Chapter 7: Technology Strategy in Lumpy Markets Recap: Customers don’t pay for tech; value if satisfies customers needs Understand favored attributes = increased market share Even today, companies strive to: understand market lumpiness & opportunities extend barriers via current/ emerging technologies Updates to strategy in lumpy markets: Bachmann, R., Caballero, R. J., & Engel, E. A. (2013). Aggregate Implications of Lumpy Investment: New Evidence and a DSGE Model. American Economic Journal: Macroeconomics, 5(4), 29-67. doi:http://dx.doi.org.proxy.kennesaw.edu/10.125 7/mac.5.4.29 Worrell, c., & 'amico, e. (2013). subcontractors build On niches in 'lumpy' market. ENR: Engineering News-Record, 271(10), NY21. Brito, D. L., & Rosellon, J. (2011). Lumpy Investment in Regulated Natural Gas Pipelines: An Application of the Theory of the Second Best. Networks And Spatial Economics, 11(3), 533-553. doi:http://dx.doi.org.proxy.kennesaw.edu/10.100 7/s11067-009-9125-8
Chapter 7: Technology Strategy in Lumpy Markets Creation of “Barrier Register” Investing in Options 1.Positioning Options 2.Scouting Options
Chapter 7: Technology Strategy in Lumpy Markets Identifying Positioning Options to Exploit Lumpy Markets – Single Niche Domination – Niche Fusion – Creating a New Technology Envelope
Chapter 7: Technology Strategy in Lumpy Markets Scouting Options for Applying New Technologies Firms are pursuing technology and want to find valuable market applications. Dimensional Search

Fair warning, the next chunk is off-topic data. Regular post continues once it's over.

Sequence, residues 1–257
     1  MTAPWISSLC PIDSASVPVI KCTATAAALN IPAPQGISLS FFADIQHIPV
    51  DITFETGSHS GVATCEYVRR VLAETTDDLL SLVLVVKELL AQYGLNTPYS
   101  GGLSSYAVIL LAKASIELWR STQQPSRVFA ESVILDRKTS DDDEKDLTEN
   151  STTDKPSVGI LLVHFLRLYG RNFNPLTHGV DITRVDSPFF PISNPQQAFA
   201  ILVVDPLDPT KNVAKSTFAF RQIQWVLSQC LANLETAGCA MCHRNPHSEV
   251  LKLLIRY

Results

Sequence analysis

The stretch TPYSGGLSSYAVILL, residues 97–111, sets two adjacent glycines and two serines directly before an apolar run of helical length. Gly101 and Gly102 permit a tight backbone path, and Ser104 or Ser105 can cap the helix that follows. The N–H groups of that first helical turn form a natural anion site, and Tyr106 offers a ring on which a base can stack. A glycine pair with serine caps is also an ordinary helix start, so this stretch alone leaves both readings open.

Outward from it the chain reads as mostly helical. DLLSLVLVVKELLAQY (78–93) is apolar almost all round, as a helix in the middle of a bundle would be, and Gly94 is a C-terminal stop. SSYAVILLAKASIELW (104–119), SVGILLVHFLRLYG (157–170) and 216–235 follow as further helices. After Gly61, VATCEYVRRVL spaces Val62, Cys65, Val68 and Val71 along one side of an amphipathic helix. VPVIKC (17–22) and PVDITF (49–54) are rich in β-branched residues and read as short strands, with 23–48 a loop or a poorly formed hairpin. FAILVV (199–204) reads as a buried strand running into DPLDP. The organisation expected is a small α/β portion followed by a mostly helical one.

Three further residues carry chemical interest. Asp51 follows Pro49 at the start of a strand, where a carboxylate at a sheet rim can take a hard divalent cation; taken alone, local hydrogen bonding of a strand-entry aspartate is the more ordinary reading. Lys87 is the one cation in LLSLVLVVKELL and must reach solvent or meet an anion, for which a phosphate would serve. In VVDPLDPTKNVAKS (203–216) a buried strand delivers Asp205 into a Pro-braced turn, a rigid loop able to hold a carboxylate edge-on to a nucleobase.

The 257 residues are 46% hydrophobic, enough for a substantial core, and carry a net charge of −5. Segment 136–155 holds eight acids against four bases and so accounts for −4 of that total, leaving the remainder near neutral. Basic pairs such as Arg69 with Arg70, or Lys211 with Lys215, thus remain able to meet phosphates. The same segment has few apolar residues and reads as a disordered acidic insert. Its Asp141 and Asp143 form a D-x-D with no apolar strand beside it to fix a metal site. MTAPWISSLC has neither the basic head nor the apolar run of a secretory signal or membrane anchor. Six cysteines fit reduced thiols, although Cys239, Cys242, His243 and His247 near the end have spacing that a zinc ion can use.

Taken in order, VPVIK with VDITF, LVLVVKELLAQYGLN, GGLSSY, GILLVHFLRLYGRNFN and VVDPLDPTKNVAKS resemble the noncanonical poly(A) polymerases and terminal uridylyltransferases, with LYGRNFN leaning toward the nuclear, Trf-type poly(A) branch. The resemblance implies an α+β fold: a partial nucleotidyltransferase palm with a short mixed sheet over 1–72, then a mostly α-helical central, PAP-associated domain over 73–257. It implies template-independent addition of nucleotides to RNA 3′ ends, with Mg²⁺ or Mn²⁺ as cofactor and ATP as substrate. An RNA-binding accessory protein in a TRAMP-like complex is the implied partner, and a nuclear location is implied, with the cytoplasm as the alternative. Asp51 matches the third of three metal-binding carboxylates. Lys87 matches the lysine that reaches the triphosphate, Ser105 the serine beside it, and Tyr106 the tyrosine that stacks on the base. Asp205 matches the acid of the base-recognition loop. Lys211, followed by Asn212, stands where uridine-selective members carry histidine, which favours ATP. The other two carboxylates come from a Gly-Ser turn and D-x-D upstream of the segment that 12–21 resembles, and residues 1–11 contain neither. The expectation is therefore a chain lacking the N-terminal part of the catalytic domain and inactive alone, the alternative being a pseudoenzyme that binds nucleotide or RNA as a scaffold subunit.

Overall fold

Chapter 7: Technology Strategy in Lumpy Markets Understanding the lumpiness of markets and market impact of pushing technology barriers Opportunities can be discovered through an options-driven, experimental approach Technology Register gives additional framework for identifying technology barriers that inhibit access to specific segments. Technology Register can be used to identify and undertake that positions it to use an emerging technology to occupy that segment. Emerging technology cannot be undertaken without understanding the relation between technology trajectories and barriers and the opportunity spaces created by the lumpiness of the firm’s market.
Chapter 8: Commercializing Emerging Technologies Through Complementary Assets Mergenthaler Linotype – In 1886 the company created a automatic typeset machine called the linotype. – It dominated the market for over 60 years and was able to be successful despite new technological changes Three Challenges of Commercialization – Change in complementary assets – Change in customers – Change in competition